Lucianne Canavan Repairs for Well-Being, Community, and the Planet


Lucianne Canavan is a multi-disciplinary textiles artist-designer and recent graduate from Textiles in Practice at Manchester School of Art, whose work was shown as part of Green Grads at the London Design Festival in September. Her work focuses on sustainability and community and she aims to bring solutions to the waste produced by the fashion and textile industry through the promotion of mending, repair, and creative well-being.

Lucy, a white woman in her 20s, stands holding a sign that says "on the mend" in front a green sweater hung on a frame with lettered patches that spell the same.

Lucianne Canavan at Green Grads during the London Design Festival

Tell me about your childhood, education, and background and how you first became interested in repair.

I was very fortunate to grow up in a family surrounded by artists and makers, and although no one worked specifically in textiles there was always a biscuit tin filled with sewing supplies! My mum’s motto was very much “make do and mend.” I was always handy when the arm of a jumper tore or a button fell off but I had never put too much thought into it and had always tried my best to make it look like there had never been any damage.

Growing up with a disability that caused chronic fatigue meant I was limited physically and I often felt arts and making were my only outlet as I was unable to take part in sports activities. I remember first learning to sew around the age of four, I made a lavender pouch in the shape of a love heart and kept it under my pillow for years, I have always cherished that memory as it feels like a marker of a milestone in my life.

A section of orange jumper with a pink and purple woven patch

I enjoyed textiles in college but chose to focus on fine art and portraiture right up until my very last assignment in my foundation year for which I stitched a “Garbage Tapestry.” As a cathartic protest, I gathered all the rubbish from around the college grounds and stitched it all together in a big wall hanging along with other political statements that were relevant to the climate crisis at the time. That felt really good – I was able to create from waste whilst sharing my voice and connecting with others by creating a platform for conversation.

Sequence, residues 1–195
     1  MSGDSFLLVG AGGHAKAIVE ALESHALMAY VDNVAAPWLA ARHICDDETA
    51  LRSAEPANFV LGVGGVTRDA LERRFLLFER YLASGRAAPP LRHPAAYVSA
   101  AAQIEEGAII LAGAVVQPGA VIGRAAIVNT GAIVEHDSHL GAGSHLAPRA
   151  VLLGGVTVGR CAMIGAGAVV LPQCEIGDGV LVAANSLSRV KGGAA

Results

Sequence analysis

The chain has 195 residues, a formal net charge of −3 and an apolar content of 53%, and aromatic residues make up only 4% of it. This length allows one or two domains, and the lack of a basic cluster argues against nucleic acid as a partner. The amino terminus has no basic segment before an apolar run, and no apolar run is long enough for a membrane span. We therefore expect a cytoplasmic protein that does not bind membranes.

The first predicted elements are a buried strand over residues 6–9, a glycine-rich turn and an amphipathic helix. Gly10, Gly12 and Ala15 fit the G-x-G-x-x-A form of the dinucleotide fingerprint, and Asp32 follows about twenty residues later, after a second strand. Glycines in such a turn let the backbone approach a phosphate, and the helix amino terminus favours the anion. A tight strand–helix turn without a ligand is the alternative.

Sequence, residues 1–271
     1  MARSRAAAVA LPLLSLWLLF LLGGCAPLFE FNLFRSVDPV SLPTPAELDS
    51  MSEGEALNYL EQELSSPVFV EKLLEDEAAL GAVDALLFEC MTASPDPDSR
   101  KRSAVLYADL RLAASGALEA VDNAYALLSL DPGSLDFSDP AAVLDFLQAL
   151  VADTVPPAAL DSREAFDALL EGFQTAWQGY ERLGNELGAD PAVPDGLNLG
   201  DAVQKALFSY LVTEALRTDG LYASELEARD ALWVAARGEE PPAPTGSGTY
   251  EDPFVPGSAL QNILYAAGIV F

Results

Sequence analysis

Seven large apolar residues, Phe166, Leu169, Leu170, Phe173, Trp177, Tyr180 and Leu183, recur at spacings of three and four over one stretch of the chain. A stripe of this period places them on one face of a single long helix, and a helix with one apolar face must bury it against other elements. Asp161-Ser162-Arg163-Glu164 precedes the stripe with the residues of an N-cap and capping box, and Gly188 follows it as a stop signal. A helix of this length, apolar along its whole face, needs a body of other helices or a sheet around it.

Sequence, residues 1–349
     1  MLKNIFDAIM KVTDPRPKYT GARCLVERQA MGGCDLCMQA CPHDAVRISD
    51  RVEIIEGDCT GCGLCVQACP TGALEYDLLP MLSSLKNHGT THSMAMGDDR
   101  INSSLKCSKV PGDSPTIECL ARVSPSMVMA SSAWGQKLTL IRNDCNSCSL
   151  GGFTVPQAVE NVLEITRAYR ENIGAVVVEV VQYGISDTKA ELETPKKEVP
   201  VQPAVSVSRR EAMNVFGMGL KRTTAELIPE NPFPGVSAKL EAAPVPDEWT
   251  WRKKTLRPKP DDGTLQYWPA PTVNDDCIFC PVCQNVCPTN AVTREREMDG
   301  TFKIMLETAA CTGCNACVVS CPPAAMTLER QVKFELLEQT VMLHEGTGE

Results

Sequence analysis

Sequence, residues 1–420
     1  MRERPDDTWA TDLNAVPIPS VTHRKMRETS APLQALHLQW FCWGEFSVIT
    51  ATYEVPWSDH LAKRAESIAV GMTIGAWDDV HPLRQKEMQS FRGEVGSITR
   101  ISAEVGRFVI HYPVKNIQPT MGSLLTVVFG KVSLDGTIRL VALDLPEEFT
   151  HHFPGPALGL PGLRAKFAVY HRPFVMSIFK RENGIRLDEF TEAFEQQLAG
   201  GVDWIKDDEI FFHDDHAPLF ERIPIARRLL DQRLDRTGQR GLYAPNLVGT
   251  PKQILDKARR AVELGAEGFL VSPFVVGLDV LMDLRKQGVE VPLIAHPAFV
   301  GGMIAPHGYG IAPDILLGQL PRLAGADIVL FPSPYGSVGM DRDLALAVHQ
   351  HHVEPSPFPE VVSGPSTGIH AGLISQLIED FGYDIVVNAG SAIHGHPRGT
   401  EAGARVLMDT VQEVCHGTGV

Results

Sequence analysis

During my time at Manchester School of Art, I focused heavily on sewing and utilizing all the scrap fabrics I could, especially tartan. I found that my work was heavily inspired by woven fabrics and decided that I also wanted to weave alongside my embroidery practice. It was fun to juggle the two and see how they fed off one another but my goal was to bring them together cohesively and seamlessly. This is where I first delved into the world of mending.

An orange knitted sweater lies on the grass – it has three pink and purple checked patches

What appeals to you about repairing existing objects versus creating something new?

I have always felt things very deeply, I have a strong sense of justice and a need to do things “the right way.” To me, this means causing the least amount of damage to the environment as possible. I am aware that nobody is perfect in this as our world isn’t set up to really allow us to do so, but I can try my best! Knowing how much waste is created by fast fashion; the idea of buying an outfit for one night only to send it to a charity bin the next day; and seeing the mountains of waste on the news just made me feel helpless. I was determined to not add to the mess we’ve found ourselves in but to bring solutions and hope. We don’t need new things – enough clothes already exist we just need to find ways to restore the love we once had for the items we are now throwing away.

A pale blue sleeve has been patched with a pink and purple woven and felted patch

There are many words for repair with slight nuances in their meaning – mending, fixing, hacking, restoring… which do you prefer in relation to your work and why?

I always steer toward the term “mending” when it comes to my work, partly because I am most familiar with it, but also because of the phrase “on the mend.” I like the idea that you’re not just repairing your clothes but you’re also helping yourself, you’re focusing and coming into your body while you work, and relaxing, which all help to relieve symptoms of stress and anxiety – that in itself can almost feel like a repair.

I use the word “upcycled” a lot in my work too, because I often work with items that exist and, despite being discarded, are in fine condition and so I add scrap patches onto them in order to re-design them. I find this gives them a new lease of life. Instead of throwing away perfectly good clothes you don’t like anymore, reworking them into new items can refresh them and bring a whole new love to the item.